Chefs prefer to grow business on home turf

Fri Dec 31, 2010 8:28am EST
 
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By Basil Katz

NEW YORK (Reuters Life!) - Within blocks of one another, Manhattan chef Mario Batali owns a Roman-style trattoria, a pizzeria, a wine-focused eatery and his flagship luxury Italian restaurant.

Batali and a handful of other New York restaurant owners have built their food serving empires locally, preferring to diversify their businesses at home instead of expanding across the United States.

This model, particularly in a still shaky economy, has now spread to chefs in cities across the country including Los Angeles, Chicago and Portland.

"The idea of restaurateurs opening restaurants in the same vicinity or city of their existing restaurants makes sense from both a brand building and economical standpoint," said Kim McLynn of market research firm the NPD Group.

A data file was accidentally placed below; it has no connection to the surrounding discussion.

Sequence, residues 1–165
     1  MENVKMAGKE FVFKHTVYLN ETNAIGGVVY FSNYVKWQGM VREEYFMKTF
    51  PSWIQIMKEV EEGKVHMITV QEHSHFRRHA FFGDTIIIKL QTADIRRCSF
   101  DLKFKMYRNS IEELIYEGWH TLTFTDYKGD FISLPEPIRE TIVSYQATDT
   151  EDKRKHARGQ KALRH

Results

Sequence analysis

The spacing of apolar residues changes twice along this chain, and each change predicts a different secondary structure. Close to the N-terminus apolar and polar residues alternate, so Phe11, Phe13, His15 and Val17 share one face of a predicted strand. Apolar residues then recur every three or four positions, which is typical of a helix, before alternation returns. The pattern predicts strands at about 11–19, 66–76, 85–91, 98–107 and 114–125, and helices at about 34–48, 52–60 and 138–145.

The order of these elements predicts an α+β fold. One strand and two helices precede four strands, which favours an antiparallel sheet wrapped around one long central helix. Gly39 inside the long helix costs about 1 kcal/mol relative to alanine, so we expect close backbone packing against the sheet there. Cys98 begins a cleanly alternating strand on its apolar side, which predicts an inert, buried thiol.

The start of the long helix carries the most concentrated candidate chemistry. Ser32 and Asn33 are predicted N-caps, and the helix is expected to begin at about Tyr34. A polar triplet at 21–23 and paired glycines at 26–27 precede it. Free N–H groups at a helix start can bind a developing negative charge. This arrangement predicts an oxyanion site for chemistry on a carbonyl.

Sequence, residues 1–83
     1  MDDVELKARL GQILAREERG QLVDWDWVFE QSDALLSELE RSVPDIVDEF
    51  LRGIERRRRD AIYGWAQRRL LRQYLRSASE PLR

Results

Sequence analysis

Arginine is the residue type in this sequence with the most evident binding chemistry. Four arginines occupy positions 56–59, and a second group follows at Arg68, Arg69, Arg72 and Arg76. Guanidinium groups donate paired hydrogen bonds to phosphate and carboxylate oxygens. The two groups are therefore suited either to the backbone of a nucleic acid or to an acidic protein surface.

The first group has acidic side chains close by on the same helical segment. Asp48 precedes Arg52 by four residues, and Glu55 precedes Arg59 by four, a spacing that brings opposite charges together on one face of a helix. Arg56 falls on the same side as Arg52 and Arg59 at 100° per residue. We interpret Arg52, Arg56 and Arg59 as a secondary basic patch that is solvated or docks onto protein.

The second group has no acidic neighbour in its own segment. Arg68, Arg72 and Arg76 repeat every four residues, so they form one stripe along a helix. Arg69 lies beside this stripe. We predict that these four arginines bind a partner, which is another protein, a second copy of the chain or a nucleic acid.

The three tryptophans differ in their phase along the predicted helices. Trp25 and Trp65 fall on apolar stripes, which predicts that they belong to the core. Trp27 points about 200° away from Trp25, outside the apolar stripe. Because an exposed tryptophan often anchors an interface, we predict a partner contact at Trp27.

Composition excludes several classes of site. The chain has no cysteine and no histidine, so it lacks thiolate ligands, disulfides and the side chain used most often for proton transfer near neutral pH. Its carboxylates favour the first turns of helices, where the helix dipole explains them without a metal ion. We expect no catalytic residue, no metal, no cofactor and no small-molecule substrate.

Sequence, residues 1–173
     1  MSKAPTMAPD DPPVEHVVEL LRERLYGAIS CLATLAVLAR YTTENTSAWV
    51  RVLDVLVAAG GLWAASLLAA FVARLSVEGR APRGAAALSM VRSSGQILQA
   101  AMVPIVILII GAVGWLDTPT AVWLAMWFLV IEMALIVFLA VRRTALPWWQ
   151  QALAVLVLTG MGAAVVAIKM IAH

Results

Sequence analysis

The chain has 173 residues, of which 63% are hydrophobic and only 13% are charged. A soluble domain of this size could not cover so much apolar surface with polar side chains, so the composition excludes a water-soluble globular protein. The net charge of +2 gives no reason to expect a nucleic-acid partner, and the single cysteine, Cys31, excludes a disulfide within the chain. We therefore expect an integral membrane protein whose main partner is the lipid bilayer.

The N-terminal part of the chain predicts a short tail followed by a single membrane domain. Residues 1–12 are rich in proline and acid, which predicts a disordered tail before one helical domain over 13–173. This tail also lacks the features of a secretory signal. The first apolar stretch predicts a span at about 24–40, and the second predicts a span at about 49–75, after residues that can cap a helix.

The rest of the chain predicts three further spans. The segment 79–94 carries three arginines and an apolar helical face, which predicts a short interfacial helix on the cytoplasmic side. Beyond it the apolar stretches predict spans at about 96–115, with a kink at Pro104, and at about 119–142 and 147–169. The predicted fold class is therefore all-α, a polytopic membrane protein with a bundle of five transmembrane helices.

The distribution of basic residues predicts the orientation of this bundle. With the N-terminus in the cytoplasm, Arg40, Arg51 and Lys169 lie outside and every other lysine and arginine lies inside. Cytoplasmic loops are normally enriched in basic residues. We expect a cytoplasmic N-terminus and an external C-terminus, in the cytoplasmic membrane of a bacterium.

Chicago chef Paul Kahan started his first restaurant, Blackbird, in 1997. After this high-end New American cuisine restaurant became a hit, Kahan built a casual, small plates restaurant next door, and a large Belgian-style brasserie a few blocks further. He also has a stake in a Taco shack and an upscale cocktail lounge.

Kahan and his partners have been approached to open new places across the country, but have been reluctant to lose the home turf advantage.

"We've looked around the country so many times ... probably 30 different places," Kahan said in an interview. "And what it comes down to, after you put all the numbers down on paper, it's like we know our town the best."

"We know how to get the best deals here on real estate, we have the most bargaining power because of what we've accomplished in this city and people want us in their real estate, so it's almost pointless to go to another city."   Continued...

 
<p>Celebrity chef Mario Batali talks during an interview with Reuters at his latest restaurant, Del Posto, in New York April 11, 2006. REUTERS/Brendan McDermid</p>